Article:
Borosilicate glass mainly consists of silica and boron oxide. Borosilicate glass is known for being less dense than ordinary glass and for having very low coefficients of thermal expansion, making it resistant to thermal shock, more so than any other common glass. Borosilicate glass was first developed by German glass-maker Otto Schott in the late 19th century and sold under the brand name "Duran" in 1893. After Corning Glass conducted a major revamp of their operations and introduced Pyrex in 1915, it became a synonym for borosilicate glass in the English-speaking world.
Borosilicate glass has a very low thermal expansion coefficient, about one-third that of ordinary glass. This reduces material stresses caused by temperature gradients, thus making it more resistant to breaking and with its superior durability, chemical and heat resistance this glass finds excellent use in chemical laboratory equipment, telescope mirrors
, where it is essential to have very little deviation in shape. It is also used in the processing of high-level radioactive waste, where the waste is immobilized in the glass through a process known as vitrification. (read more below)
Most borosilicate glass is colorless. Colored borosilicate came form the studio glass trade and was first widely brought into the market in 1986. Colors in the glass that you see come from mixing metals like 24k gold, silver, copper and other elements with the glass.
Different uses for Borosilicate Glass|
During the mid-twentieth century, borosilicate glass tubing was used to pipe coolants through high power vacuum tube–based electronic equipment, such as commercial broadcast transmitters.
Glass cookware is another common use. Borosilicate glass is used for making measuring cups that have screen printed markings which provides graduated measurements they are widely used in American kitchens.
Borosilicate glasses also find application in the semiconductor industry in the development of micro electromechanical systems (MEMS), as part of stacks of etched silica wafers bonded to the etched borosilicate glass.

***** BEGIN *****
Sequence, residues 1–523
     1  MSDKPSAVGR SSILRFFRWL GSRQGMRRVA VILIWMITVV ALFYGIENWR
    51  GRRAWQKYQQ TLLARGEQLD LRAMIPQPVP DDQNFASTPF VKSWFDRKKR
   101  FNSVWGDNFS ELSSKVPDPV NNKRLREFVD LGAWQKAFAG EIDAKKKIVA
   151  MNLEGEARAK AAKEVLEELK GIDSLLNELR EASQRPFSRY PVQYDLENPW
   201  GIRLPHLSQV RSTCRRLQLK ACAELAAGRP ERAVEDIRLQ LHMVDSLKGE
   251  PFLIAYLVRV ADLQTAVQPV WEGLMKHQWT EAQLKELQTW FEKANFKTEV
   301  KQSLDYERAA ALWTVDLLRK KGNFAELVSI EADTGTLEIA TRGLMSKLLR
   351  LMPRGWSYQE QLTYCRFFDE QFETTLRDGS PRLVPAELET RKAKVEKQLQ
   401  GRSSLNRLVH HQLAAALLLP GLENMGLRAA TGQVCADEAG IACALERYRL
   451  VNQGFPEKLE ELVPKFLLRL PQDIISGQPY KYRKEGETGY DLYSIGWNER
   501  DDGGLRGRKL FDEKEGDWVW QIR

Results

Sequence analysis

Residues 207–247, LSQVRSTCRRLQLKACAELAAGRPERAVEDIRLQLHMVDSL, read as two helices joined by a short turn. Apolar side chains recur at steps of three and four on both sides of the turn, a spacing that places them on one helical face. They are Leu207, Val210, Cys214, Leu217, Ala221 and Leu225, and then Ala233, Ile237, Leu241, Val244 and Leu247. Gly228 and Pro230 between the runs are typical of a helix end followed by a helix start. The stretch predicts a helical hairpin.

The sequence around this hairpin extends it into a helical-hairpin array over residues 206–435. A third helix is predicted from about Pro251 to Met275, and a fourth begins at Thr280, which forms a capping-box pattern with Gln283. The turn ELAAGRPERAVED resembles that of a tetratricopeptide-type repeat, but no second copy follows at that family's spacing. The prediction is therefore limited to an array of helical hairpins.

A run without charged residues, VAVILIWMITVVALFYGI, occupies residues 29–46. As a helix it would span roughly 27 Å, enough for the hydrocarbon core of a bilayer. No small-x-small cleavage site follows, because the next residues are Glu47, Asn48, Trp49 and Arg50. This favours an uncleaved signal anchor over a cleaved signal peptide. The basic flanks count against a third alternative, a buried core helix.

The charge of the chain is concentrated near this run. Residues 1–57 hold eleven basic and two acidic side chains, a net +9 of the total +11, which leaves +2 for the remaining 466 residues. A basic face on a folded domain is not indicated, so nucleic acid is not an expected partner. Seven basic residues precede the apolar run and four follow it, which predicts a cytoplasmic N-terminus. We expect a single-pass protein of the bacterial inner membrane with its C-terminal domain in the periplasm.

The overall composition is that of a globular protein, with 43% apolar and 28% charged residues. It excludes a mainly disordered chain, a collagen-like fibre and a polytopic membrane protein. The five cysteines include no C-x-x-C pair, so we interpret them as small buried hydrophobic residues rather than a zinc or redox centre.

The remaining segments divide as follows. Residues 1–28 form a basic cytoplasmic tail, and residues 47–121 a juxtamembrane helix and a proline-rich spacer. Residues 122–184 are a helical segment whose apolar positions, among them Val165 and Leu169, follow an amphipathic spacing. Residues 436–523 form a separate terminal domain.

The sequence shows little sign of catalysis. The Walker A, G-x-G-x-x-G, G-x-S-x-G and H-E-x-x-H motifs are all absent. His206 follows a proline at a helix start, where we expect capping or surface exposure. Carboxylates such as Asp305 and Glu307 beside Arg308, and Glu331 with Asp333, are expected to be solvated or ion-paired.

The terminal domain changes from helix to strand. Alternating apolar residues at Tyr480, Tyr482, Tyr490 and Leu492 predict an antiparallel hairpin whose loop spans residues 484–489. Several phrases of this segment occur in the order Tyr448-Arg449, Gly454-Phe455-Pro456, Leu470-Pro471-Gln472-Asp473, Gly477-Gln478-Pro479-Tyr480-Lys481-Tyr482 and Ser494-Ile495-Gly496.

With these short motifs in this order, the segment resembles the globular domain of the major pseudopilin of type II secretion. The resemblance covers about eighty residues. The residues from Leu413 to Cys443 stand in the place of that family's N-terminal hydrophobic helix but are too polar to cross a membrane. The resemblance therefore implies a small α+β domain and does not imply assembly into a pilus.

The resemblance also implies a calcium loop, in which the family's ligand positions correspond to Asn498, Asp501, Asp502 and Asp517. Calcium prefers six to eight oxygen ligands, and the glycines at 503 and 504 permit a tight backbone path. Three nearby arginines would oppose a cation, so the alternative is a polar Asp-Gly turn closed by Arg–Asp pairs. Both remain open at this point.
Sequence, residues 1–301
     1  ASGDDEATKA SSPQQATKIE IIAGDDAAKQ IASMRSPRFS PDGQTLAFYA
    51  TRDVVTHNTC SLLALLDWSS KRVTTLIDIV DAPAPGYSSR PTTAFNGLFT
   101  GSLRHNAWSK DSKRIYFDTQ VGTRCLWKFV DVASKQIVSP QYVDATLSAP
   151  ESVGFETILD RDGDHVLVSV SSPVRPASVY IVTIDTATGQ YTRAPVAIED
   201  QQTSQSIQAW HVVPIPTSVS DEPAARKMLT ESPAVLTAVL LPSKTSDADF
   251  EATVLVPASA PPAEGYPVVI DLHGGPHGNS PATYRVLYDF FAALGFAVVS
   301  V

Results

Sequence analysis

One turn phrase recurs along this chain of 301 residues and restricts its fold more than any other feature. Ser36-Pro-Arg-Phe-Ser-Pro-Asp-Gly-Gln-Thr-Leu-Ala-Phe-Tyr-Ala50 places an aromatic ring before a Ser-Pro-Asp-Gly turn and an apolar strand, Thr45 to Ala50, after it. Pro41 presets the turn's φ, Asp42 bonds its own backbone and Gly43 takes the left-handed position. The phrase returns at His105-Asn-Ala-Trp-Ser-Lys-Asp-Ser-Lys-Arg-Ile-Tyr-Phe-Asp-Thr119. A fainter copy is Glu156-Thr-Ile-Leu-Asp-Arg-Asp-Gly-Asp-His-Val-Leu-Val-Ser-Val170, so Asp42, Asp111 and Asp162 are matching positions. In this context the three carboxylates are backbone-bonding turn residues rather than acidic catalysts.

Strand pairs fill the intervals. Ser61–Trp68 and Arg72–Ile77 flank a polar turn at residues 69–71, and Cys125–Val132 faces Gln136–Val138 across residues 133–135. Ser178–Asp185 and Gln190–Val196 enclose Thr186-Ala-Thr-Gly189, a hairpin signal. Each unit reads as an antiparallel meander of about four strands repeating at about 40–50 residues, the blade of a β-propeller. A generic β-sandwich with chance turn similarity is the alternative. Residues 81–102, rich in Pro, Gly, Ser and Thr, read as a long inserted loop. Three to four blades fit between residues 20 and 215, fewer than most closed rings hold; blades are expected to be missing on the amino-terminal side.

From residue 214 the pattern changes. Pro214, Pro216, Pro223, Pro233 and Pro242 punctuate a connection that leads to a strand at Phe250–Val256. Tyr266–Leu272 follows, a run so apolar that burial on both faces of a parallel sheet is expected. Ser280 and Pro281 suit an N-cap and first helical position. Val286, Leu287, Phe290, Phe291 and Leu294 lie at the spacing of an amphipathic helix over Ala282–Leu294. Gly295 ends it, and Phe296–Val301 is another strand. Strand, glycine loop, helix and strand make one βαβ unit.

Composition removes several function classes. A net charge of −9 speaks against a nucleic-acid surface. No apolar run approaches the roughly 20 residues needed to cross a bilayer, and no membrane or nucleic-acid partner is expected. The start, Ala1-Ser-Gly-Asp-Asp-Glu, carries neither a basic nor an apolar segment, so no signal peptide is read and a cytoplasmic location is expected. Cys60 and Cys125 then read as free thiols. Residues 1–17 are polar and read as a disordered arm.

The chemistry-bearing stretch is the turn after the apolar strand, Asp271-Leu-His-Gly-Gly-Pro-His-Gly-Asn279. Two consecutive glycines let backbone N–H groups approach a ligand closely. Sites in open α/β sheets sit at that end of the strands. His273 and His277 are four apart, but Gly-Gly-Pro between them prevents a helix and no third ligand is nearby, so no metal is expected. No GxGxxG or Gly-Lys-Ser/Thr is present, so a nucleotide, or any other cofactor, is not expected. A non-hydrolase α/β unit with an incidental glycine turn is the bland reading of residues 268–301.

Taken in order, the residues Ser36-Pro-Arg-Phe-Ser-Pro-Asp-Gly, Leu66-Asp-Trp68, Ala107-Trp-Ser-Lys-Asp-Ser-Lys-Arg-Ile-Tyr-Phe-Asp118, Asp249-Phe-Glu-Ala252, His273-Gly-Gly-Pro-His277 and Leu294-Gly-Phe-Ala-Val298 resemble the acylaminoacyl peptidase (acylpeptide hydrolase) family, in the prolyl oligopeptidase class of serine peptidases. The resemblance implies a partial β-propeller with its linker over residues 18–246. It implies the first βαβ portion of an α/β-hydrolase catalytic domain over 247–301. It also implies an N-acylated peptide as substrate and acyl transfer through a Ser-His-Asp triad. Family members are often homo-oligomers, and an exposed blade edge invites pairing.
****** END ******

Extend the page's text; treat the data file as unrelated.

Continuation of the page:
The thermal insulation tiles
on the Space Shuttle are coated with a borosilicate glass.
Aquarium heaters are sometimes made of borosilicate glass. Due to its high heat resistance, it can tolerate the significant temperature difference between the water and the nichrome heating element.
Many high-quality flashlights use borosilicate glass for the lens. This allows for a higher percentage of light transmittance through the lens compared to plastics and lower-quality glass.
New lampworking techniques led to artistic applications such as contemporary glass marbles. The modern studio glass movement has responded to color. "The availability of colors began to increase when companies introduced the Crayon Colors, which brought a whole new vivacity to the glass industry." Borosilicate is commonly used in the glass blowing
form of lampworking and the artists create products ranging from jewelry, kitchenware, sculptures as well as artistic glass lighting.
Borosilicate glass is sometimes used for high-quality beverage glassware. Borosilicate glass lends kitchen- and glassware increased durability along with microwave and dishwasher compatibility.
Most astronomical reflecting telescope glass mirror
components are made of borosilicate glass because of its low coefficient of expansion with heat. This makes very precise optical surfaces possible that change very little with temperature, and matched glass mirror components that "track" across temperature changes and retain the optical system's characteristics.
Eyeglass lenses are some time made with borosilicate glass.
Borosilicate is also a material of choice for evacuated tube solar thermal technology, because of its high strength and heat resistance.
Lighting manufacturers use borosilicate glass in their refractors.
Additionally, borosilicate tubing is used as the feedstock for the production of parenteral drug packaging, such as vials and pre-filled syringes, and is also used for the production of ampoules and dental cartridges. The chemical resistance of borosilicate glass minimizes the migration of sodium ions from the glass matrix thus making it well suited for injectable drug applications. This type of glass is typically referred to as USP / EP JP Type I.
Borosilicate glasses are used for immobilisation and disposal of radioactive wastes. In most countries high-level radioactive waste has been incorporated into alkali borosilicate or phosphate vitreous waste forms for many years and vitrification is an established technology. Vitrification is a particularly attractive immobilization route because of the high chemical durability of the vitrified glass product. This characteristic has been used by industry for centuries. The chemical resistance of glass can allow it to remain in a corrosive environment for many thousands and even millions of years.